Throughout our youth, most of us devote a great deal of time to answering the question, “Where do I belong?” The need for a tribe—a community of connected, caring people whose traditions help us build our individual identity—is as old as mankind itself. It’s shaped our evolution as a species and propelled us to create artwork, literature, and mythology in order to capture the unique spirit of our customs and traditions.

In a world that feels increasingly divided with each passing year, it’s worthwhile to ask ourselves where this group connection, this sense of community, begins. What is the anchor that binds us together, uniting young and old alike? What propels us to overcome our differences and work together? Most would say this process starts within the family, but behind every family, there’s a love story—one that leads to marriage.

On the day when a couple—like Sandy and Elie, the beautiful Lebanese bride and groom pictured here—gets married, two families unite, for perhaps the first time. Stories are shared, new friendships are made, and the bedrock of a support network for the couple is laid down. Distant relatives are brought closer to the heart of the family, and relations who have not seen one another for many years are often reunited. Family members who, in the past, had their differences, will often smooth things out and forgive one another, moved by the spirit of love that pervades at a wedding. Friends, too, are an essential piece of this forming community; when you make a friend a part of your wedding ceremony—a bridesmaid or best man—he or she feels like a part of the family for perhaps the first time. Even myself, in shooting this Maronite wedding photography in Cyprus for Sandy and Elie, had a moment of fond recollection and connection: It turned out that Sandy’s wedding dress was made by an acquaintance named Cynthia (owner of Something Blue Boutique), whose wedding I had also photographed.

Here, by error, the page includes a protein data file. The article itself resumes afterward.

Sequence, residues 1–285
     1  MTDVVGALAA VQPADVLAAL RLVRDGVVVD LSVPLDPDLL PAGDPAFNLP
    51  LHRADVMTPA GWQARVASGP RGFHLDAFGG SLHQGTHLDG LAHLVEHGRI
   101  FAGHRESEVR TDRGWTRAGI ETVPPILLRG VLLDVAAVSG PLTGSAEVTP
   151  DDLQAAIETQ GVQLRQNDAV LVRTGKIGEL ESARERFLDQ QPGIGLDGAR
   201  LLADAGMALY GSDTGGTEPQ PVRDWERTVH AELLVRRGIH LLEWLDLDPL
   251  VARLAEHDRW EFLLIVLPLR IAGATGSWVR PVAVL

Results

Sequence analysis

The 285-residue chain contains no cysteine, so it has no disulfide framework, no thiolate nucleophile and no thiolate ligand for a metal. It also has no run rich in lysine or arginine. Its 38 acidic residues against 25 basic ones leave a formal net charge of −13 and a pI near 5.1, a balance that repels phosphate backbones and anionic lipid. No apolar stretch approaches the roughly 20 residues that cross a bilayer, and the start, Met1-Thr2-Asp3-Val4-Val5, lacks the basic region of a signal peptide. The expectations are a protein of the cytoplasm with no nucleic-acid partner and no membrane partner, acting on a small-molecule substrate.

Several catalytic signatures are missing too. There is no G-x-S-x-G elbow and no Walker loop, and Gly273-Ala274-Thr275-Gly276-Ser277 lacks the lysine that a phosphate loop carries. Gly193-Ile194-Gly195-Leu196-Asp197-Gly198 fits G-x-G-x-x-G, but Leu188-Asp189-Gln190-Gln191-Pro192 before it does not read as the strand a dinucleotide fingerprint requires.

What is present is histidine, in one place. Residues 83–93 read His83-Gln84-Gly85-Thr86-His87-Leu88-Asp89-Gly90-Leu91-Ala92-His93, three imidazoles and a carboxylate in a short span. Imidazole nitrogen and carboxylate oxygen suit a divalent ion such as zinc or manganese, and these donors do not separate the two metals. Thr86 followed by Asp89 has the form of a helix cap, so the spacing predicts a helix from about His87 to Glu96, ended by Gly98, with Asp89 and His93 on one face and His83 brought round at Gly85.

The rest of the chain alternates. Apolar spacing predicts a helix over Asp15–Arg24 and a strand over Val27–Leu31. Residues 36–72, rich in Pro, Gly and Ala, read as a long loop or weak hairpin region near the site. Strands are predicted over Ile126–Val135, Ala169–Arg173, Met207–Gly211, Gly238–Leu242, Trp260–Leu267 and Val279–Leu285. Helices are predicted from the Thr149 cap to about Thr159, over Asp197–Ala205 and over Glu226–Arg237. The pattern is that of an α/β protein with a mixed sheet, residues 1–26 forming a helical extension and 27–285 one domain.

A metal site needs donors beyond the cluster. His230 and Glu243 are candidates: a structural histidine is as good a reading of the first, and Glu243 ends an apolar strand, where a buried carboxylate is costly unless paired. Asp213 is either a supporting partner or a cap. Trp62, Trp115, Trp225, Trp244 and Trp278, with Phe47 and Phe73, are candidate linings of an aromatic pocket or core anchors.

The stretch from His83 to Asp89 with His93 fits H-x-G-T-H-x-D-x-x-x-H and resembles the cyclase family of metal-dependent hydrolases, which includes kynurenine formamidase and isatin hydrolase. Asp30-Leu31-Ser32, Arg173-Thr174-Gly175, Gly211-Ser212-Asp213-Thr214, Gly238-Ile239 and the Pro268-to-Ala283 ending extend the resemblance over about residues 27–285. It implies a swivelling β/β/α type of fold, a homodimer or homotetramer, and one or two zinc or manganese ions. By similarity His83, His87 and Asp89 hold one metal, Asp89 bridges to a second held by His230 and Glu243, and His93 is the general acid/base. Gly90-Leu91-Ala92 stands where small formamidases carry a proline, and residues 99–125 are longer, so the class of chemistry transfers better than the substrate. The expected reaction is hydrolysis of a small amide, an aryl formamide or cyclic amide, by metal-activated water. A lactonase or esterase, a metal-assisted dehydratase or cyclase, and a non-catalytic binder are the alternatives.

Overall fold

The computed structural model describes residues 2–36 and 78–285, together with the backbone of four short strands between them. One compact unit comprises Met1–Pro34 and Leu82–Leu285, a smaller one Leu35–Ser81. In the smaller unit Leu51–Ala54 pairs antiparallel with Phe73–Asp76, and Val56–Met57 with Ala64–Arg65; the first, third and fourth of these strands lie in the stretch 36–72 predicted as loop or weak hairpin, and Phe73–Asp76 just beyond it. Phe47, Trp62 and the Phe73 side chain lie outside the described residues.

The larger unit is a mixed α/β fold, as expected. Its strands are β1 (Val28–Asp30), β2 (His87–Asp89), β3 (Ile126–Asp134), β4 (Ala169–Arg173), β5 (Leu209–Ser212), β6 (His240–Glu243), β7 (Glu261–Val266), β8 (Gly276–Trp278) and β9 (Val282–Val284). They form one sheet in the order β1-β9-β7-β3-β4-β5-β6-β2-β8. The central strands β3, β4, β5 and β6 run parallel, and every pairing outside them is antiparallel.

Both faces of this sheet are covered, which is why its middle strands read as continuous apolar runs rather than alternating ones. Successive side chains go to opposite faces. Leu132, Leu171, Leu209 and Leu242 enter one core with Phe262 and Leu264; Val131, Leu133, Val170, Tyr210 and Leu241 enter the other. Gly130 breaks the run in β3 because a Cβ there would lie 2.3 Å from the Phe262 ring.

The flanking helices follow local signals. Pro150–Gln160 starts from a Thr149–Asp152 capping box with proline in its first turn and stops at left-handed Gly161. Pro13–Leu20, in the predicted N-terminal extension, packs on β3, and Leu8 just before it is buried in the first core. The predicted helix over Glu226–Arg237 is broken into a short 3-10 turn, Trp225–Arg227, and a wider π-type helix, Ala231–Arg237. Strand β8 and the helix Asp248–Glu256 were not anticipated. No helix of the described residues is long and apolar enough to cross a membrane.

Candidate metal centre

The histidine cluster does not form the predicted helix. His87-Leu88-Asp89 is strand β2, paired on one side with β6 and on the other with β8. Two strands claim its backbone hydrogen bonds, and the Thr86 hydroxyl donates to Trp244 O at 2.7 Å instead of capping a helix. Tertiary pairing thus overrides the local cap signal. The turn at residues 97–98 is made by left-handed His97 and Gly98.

It’s the marriage ceremony’s ability to connect not just couples, but also families and whole communities, that lies at the heart of the Maronite traditions seen in Sandy and Elie’s Maronite wedding photography in Cyprus. For Maronites, a group of adherents to the Catholic faith who dwell in Lebanon, wedding ceremonies involve a beautiful ancient tradition known as the “Crowning.” Bride and groom do not simply exchange vows and rings; at the end of the ceremony, they are crowned King and Queen by the presiding priest. This symbolism sends a powerful message: A married couple is not an isolated unit, but instead, man and wife preside over their own little “kingdom” of home and family. As the website Maronite Heritage explains, “The Mystery of crowning reflects the mystical wedding that eternally unifies Jesus and the Church. Crowning signifies the beginning or establishment of a new kingdom which is based on mutual love.”

Crowning also represents the victory of Christ—and the power of love—over destructive influences like anger, greed, and envy. In this way, it anchors each couple, family, and community in the principles of fairness, generosity, gratitude, forgiveness, and acceptance. Sandy and Elie’s Maronite wedding, like every Maronite wedding in Limassol, reminds us that a better world starts here, with us, reaching out to connect with one another. Only in doing so can we fully realize our blessings and create a little bit of paradise on Earth.